Sole traders or casuals who are not otherwise eligible for the Coronavirus supplement may be entitled to draw down on their superannuation as well if their income has fallen, or their hours worked have decreased by 20% or more, because of the Coronavirus.

The drawdowns are capped at $10,000 this financial year and $10,000 the next financial year, and are tax-free.

Applications will be made online through myGov and will include a declaration to the ATO.

Deadlines:

  • First $10,000 – apply through myGov by 1 July 2020
  • Second $10,000 – you will have three months to apply from 1 July 2020

Access under this scheme is on top of hardship and compassionate grounds that otherwise allow early access of superannuation.

A drawdown will not affect Centrelink or Veterans’ Affairs payments.

Note: your superannuation may be invested in domestic or international shares that have felt the impact of the Coronavirus. You should consider whether drawing from your superannuation is the right thing for you. Seek appropriate financial advice.

Retirees with Superannuation

COST: Unknown – Likely negligible

Currently retirees are required to draw down a minimum of 4% a year (which increases with age) from their superannuation.

The government has proposed to reduce the minimum drawdown requirements by 50 per cent for 2019-20 and 2020-21.

Whilst this scheme may actually decrease cash in the economy (outside of superannuation and pension schemes), it does provide more ability for pensioners and other eligible persons to manage their assets, which is particularly important given the volatility of global share markets, and subsequently, many superannuation accounts.

First Stimulus Announced 12 March 2020

The first stimulus package is worth approximately $17.6 billion (note rounding means the below figures add up to $17.7 billion):

  • $700 million for instant asset write-off threshold increases
  • $3.2 billion for depreciation increases
  • $6.7 billion for BAS or Instalment Activity Statements tax-free subsidies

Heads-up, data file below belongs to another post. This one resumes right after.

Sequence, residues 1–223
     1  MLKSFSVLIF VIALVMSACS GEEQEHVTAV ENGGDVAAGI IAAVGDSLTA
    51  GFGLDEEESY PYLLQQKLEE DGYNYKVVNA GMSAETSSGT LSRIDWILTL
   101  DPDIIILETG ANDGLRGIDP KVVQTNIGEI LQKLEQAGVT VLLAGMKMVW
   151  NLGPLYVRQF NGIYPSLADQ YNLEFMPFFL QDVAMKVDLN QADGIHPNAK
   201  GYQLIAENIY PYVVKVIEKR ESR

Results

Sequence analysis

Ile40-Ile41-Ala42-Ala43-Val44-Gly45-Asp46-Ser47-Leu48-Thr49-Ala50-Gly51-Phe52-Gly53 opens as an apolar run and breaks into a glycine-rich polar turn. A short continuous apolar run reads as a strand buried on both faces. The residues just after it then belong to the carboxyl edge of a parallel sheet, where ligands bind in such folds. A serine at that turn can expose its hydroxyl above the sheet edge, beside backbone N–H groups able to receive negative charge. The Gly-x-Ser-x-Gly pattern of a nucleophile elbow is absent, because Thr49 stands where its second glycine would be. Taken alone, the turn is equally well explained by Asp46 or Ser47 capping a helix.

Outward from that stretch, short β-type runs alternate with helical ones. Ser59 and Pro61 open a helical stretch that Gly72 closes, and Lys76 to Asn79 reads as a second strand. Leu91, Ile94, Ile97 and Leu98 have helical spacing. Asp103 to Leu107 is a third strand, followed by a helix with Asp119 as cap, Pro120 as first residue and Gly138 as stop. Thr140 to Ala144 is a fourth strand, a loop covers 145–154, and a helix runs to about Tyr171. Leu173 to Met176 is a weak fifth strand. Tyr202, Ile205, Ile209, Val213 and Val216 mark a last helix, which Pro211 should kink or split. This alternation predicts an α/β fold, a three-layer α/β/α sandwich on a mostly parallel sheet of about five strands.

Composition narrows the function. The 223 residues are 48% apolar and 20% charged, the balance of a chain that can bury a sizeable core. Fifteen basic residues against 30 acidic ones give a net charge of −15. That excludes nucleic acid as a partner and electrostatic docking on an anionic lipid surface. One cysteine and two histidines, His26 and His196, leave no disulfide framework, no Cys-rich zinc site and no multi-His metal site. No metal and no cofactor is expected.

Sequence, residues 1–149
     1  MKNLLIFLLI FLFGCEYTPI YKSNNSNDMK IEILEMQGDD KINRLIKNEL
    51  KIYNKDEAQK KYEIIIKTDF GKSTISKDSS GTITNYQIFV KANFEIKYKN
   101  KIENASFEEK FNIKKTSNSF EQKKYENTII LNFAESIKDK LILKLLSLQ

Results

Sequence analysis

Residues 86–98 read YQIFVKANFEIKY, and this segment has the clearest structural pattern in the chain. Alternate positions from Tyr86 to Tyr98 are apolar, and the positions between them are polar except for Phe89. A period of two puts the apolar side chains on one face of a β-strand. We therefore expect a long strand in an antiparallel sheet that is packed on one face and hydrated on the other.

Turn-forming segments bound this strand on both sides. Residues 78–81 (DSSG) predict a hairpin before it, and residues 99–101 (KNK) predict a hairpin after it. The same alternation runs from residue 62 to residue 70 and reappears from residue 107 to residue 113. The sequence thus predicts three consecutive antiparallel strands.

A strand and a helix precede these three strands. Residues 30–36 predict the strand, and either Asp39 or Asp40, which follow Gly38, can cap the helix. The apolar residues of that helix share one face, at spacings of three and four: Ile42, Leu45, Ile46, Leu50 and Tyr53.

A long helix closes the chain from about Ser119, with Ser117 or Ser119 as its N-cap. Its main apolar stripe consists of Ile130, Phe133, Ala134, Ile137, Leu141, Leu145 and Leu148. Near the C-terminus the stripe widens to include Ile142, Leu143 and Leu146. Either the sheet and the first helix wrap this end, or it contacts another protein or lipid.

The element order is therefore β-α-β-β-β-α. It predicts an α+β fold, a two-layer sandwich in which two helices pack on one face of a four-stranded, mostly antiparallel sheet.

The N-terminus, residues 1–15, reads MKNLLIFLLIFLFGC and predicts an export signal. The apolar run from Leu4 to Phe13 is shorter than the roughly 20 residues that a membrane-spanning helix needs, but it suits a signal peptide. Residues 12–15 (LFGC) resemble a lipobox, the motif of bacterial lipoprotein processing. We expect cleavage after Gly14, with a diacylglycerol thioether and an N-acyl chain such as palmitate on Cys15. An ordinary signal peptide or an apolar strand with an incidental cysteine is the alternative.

• $1.3 billion for employers of apprentices and trainees
  • $4.8 billion for one-off $750 payments to certain people
  • $1 billion for severely-affected regions

Instant Asset Write-Off Threshold

COST: $700 million

Starting on and from 12 March 2020, the government increased the instant asset write-off threshold from $30,000 to $150,000 and has expanded it to include businesses with a turnover of up to $500 million (up from $50 million).

This measure only applies until 30 June 2020.

Speak to your accountant to take maximum advantage of this scheme. 

Depreciation Changes

COST: $3.2 billion

Starting on and from 12 March 2020, businesses with a turnover of less than $500 million will benefit from additional depreciation on assets until 30 June 2021.

Businesses will be able to deduct an additional 50 per cent of the cost of an asset in the year of purchase.

Cash Payments of up to $25,000

This measure has been built on by the second stimulus package announced on 22 March 2020. See our updated post above about measures now up to $100,000.

Apprentices and Trainees

COST: $1.3 billion

Eligible employers may apply for 50 per cent of the wage of an apprentice or trainee for up to 9 months starting from 1 January 2020 to 30 September 2020.

$750 Cash Payment

COST: $4.8 billion

The government has announced a $750 one-off cash payment to eligible concession card holders, pensioners, social security, veteran and other income support recipients.

The payment is tax free and does not count as income for social security, veteran or farm household allowance.

If a person is eligible for the $750 in multiple ways, they will only receive one payment.

Payments will be made from 31 March 2020 on a progressive basis; 90 per cent of payments are expected to be made by mid-April.

Note: the government has subsequently announced a further $750 cash payment to be made from 13 July 2020 (for some, that is a total of $1,500). For those not eligible for the second $750 cash payment, you may be entitled to the Coronavirus temporary supplement – read above for more information.

Affected Regions

COST: $1 billion

The government has announced a further $1 billion for severely affected regions disproportionally affected by the Coronavirus.

This is likely to include those heavily reliant on tourism, education or agriculture.

Fees and charges related to the Great Barrister Reef Marine Park and Commonwealth National Parks will be waived for eligible tourism businesses, money will be directed to targeted tourism advertising, and assistance in helping businesses identify alternative exporting markets and supply chains will be made available.